The Symphony of the Hearth is a project that explores the effects of the hearth beat and various images on our brain waves and the cardio-vascular system.
With the use of multi-channel sampling, the hearth is used as an instrument. These get modulated in real time and thus become the basis of the audio performance. “I will also use an Arduino pulse sensor to trigger the visuals and to control the tempo of the composition, the tempo of the sampler and the effects.”
This immersive interactive installation is envisaged to create a space where a person would physically feel what type imagery and associations people have with the term ‘futurization’. It will allow to physically experiencing the contradictions embedded in the present and uncertainty of moving towards the future by architecturally constructing the space that would influence the human body and senses.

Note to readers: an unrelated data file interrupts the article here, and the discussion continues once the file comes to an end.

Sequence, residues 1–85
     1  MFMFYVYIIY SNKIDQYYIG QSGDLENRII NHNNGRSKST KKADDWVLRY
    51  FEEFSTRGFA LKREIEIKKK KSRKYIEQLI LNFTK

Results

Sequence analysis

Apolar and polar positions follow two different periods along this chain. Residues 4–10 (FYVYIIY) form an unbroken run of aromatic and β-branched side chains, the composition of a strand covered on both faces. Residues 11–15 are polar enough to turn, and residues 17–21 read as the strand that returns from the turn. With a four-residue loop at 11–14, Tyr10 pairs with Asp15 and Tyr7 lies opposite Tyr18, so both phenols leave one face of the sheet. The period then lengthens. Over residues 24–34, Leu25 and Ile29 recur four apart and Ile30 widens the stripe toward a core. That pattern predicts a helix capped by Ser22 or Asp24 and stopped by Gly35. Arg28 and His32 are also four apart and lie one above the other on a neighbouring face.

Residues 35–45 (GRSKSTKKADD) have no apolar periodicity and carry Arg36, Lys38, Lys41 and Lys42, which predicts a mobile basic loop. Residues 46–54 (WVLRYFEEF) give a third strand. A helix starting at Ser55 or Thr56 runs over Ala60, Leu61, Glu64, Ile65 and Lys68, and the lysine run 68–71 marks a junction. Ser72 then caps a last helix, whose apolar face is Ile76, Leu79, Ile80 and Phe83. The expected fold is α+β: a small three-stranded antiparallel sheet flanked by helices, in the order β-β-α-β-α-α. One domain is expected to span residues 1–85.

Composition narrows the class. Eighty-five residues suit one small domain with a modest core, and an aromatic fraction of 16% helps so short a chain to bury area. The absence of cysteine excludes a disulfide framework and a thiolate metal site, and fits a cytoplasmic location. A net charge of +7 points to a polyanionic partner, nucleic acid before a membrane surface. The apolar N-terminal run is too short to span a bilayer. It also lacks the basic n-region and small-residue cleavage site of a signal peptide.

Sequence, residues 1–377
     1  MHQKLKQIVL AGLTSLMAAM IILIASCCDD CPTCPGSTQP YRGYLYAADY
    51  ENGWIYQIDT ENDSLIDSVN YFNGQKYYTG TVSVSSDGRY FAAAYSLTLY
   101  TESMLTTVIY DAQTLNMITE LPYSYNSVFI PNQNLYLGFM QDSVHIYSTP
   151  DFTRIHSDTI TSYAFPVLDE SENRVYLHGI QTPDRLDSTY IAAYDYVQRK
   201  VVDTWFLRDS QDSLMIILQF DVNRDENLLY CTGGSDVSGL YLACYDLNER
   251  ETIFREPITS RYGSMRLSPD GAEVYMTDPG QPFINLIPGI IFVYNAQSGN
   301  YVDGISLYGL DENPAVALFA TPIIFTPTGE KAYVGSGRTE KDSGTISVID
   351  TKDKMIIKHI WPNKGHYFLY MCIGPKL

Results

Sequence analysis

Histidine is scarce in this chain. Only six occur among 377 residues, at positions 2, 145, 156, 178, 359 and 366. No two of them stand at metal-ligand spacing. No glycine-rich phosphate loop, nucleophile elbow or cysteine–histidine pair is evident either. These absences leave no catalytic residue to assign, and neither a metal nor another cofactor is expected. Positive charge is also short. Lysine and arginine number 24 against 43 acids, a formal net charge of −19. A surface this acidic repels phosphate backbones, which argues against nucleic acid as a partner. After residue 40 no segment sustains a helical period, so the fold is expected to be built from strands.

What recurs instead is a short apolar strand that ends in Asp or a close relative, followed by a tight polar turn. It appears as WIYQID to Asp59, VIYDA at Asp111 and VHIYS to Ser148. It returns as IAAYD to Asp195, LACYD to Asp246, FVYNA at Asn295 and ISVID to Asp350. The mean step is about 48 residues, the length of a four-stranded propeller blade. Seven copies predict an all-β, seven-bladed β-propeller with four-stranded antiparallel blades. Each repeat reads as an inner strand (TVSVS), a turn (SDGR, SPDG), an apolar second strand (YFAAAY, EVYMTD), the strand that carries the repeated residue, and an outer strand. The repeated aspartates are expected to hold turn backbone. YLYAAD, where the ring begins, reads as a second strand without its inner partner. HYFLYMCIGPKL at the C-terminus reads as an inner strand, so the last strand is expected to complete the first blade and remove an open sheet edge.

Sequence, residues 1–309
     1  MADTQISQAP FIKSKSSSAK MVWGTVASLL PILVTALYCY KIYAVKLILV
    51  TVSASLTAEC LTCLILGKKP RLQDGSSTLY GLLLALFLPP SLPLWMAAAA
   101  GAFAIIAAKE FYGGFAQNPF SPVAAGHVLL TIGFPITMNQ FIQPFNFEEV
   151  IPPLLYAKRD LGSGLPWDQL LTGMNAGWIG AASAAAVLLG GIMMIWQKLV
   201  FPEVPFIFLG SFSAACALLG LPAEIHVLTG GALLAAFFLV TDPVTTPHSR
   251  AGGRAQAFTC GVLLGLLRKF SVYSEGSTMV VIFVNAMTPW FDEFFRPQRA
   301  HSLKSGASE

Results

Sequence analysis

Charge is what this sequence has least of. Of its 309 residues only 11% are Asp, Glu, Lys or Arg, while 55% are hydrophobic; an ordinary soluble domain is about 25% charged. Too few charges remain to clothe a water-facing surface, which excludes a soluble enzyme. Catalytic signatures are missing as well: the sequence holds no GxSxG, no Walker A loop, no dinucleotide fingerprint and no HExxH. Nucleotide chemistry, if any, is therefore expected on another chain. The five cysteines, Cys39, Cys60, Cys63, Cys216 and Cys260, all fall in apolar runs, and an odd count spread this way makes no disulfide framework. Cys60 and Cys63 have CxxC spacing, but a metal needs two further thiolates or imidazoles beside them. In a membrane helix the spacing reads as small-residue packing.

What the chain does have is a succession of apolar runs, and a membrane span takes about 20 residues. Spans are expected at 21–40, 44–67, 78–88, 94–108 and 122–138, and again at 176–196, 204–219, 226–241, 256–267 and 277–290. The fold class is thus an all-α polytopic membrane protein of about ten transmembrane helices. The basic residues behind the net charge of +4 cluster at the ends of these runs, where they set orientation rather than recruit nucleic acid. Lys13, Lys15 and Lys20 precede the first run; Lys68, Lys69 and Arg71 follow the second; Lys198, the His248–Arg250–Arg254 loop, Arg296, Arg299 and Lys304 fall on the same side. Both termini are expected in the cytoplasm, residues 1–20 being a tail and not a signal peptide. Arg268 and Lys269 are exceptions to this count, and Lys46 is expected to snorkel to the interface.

During the PIF camp I’m planning to concentrate on creating a prototype and test some of the elements for the final installation. I would like to explore how to create a certain interactive emotional space, through visuals and sounds (possibly smells), that in one part of the installation would enhance one particular emotion / feeling and something different in another part.
Juan Manuel Escalante will explore the intersections of field recordings, mappings, graphic notations and concrete sound explorations using a modular synthesizer.
“I plan to record different sounds at different locations and map them accordingly on my sketchbook. Based on those sounds, a graphic notation will be generated and used as a tool to arrange sounds in time. Sounds might be remixed using a synthesizer (either at the camp or back home). Either an OP-1 or an eurorack modular synthesizer.